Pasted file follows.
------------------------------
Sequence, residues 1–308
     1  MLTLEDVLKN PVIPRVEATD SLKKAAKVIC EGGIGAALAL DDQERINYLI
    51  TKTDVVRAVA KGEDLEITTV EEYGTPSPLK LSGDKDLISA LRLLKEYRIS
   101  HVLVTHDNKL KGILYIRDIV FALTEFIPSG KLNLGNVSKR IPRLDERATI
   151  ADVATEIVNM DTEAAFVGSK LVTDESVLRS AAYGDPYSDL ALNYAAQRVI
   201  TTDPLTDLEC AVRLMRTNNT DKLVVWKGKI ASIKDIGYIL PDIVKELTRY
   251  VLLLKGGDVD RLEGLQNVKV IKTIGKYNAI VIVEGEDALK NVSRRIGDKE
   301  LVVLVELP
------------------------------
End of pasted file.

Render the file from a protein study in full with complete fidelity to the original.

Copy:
Sequence, residues 1–308
     1  MLTLEDVLKN PVIPRVEATD SLKKAAKVIC EGGIGAALAL DDQERINYLI
    51  TKTDVVRAVA KGEDLEITTV EEYGTPSPLK LSGDKDLISA LRLLKEYRIS
   101  HVLVTHDNKL KGILYIRDIV FALTEFIPSG KLNLGNVSKR IPRLDERATI
   151  ADVATEIVNM DTEAAFVGSK LVTDESVLRS AAYGDPYSDL ALNYAAQRVI
   201  TTDPLTDLEC AVRLMRTNNT DKLVVWKGKI ASIKDIGYIL PDIVKELTRY
   251  VLLLKGGDVD RLEGLQNVKV IKTIGKYNAI VIVEGEDALK NVSRRIGDKE
   301  LVVLVELP